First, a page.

Sunday, July 09, 2006

Iraq's Baathist Funded Insurgency

Blogging will be light for the rest of the day from my end, while I watch the World Cup finale and do other fun summer things. However I wanted to link to this important editorial from Laurie Mylroie about Iraq, in the NYSun.
Iraq's most-wanted list is dominated by Baathists, starting with Izzat Ibrahim al-Duri, Saddam's former deputy, for whom a $10 million reward is offered. Al-Duri is a leader of the insurgency and heads a reconstituted Baath party. Number two is Mohammed Yunis Ahmed al-Moali, a senior Iraqi Baathist, who now lives in Syria, according to the U.S. Treasury Department. Al-Moali is al-Duri's deputy in the new Baath party.There is a $1 million reward for information leading to his capture, as there is for the next two men on the list: the former head of the Iraqi Intelligence Service, Tahir Jalil Habboush al-Takriti, a member of the party's new Regional Command; and Sayf Al-Din Fulayyih Hasan Taha al-Rawi, former Republican Guard chief of staff. By contrast, Abu Ayyub al-Masri, nom de guerre of al-Zarqawi's shadowy successor, is way down the list at number 30 and worth only a $50,000 reward.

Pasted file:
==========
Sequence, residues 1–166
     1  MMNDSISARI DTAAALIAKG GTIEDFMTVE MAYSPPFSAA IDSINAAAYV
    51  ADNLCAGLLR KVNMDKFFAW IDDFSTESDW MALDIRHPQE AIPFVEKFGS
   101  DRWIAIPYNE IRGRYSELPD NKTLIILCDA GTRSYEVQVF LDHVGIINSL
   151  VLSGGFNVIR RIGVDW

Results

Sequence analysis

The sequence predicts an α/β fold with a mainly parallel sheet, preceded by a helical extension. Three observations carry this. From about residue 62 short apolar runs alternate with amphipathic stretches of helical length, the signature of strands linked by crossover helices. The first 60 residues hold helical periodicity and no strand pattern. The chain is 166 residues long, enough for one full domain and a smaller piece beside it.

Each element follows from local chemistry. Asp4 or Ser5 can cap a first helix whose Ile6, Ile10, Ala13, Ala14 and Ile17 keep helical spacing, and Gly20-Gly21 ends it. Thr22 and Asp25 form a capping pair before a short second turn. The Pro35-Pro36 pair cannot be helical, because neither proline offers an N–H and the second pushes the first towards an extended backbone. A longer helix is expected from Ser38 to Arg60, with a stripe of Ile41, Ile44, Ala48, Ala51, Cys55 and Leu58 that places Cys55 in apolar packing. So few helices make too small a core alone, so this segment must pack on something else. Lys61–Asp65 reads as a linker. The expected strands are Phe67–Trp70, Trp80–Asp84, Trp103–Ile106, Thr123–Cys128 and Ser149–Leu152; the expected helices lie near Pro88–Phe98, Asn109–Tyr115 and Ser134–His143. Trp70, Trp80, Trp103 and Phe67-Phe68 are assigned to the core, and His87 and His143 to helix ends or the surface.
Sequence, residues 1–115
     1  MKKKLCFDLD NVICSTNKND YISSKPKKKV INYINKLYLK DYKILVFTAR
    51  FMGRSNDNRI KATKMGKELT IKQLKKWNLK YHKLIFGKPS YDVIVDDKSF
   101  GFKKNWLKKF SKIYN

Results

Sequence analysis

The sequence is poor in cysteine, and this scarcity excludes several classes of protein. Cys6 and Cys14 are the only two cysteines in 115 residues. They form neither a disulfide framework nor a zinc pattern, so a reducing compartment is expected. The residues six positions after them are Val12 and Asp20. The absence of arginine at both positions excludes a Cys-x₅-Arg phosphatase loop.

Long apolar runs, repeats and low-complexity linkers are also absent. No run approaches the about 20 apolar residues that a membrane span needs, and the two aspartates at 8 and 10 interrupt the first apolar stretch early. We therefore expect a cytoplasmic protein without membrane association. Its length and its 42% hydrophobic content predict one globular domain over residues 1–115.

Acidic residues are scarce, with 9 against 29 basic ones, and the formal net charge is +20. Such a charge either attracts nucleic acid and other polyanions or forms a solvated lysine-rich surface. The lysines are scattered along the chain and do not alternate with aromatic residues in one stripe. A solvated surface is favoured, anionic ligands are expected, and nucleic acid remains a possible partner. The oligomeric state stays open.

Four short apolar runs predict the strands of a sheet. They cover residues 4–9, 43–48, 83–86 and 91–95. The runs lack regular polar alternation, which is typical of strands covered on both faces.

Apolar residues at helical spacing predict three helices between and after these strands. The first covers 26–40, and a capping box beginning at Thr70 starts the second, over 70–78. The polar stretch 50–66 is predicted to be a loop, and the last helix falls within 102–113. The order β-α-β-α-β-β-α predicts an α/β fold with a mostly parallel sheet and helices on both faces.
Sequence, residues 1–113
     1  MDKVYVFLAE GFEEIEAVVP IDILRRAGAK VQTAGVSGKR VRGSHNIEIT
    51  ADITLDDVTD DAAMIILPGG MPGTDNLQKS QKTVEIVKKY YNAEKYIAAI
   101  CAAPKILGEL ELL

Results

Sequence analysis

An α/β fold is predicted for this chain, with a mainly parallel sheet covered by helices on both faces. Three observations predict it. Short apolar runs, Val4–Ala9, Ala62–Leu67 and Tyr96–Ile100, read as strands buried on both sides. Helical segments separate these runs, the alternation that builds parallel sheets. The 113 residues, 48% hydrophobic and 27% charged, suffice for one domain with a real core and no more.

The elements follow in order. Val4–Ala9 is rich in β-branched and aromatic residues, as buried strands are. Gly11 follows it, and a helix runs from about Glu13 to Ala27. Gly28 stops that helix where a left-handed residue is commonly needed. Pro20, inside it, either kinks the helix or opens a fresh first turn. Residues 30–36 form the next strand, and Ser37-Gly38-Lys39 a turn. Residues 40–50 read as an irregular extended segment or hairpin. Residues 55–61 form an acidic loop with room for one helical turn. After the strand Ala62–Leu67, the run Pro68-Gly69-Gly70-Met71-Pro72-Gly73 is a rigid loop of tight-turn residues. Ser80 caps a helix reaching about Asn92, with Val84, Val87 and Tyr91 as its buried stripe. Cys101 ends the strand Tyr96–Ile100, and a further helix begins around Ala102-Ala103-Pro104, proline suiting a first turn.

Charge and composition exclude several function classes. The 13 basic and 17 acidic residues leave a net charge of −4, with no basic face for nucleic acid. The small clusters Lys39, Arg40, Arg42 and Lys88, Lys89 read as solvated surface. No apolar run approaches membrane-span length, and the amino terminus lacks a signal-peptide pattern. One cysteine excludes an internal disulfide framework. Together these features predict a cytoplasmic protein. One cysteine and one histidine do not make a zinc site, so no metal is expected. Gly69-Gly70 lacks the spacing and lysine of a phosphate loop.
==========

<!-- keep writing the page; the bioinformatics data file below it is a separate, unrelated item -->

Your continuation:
Senior Iraqi figures have long maintained that the insurgency is essentially Baathist. Last fall, one Iraqi official described the insurgency to a small group of Americans in Washington. Zarqawi was 'nothing,' he said. Jihadis were recruited through the mosques to Syria - which is ruled by the Baath party, as was Iraq. The jihadis were then trained by individuals from Afghanistan under the auspices of Syrian intelligence, after which they crossed into Iraq. Although they were involved in a major Syrian intelligence operation, the jihadis did not understand that. A senior official in Iraq's Defense Ministry gave a similar account of the insurgency following a November 22, 2005, mortar attack targeting General George Casey and Ambassador Zalmay Khalilzad. That official instructed the embassy in Washington to tell the Americans that the Baathists were the enemy. The situation was just too dangerous not to recognize that. He also relayed the threat that had been made to him by a senior Syrian official, "We can get you, even in the Green Zone." Just a few weeks ago, an Iraqi friend in Baghdad related to this author a discussion he had had with an Iraqi intelligence official, who affirmed that the Baathists were responsible for the violence,whether directly or indirectly, through their penetration of al Qaeda. He was adamant on that point. Indeed, until early 2005, U.S. officials held the same view. National Security Council Adviser Condoleezza Rice stated in January 2005, "as we swept through [Iraq] really rather rapidly, the core of this insurgency, that is the Baathists and many of Saddam's loyal forces, melted into the population. They didn't stand and fight. When they reemerged, they reemerged as an insurgency." In October 2004, Deputy Secretary of Defense Paul Wolfowitz told the Atlantic Monthly: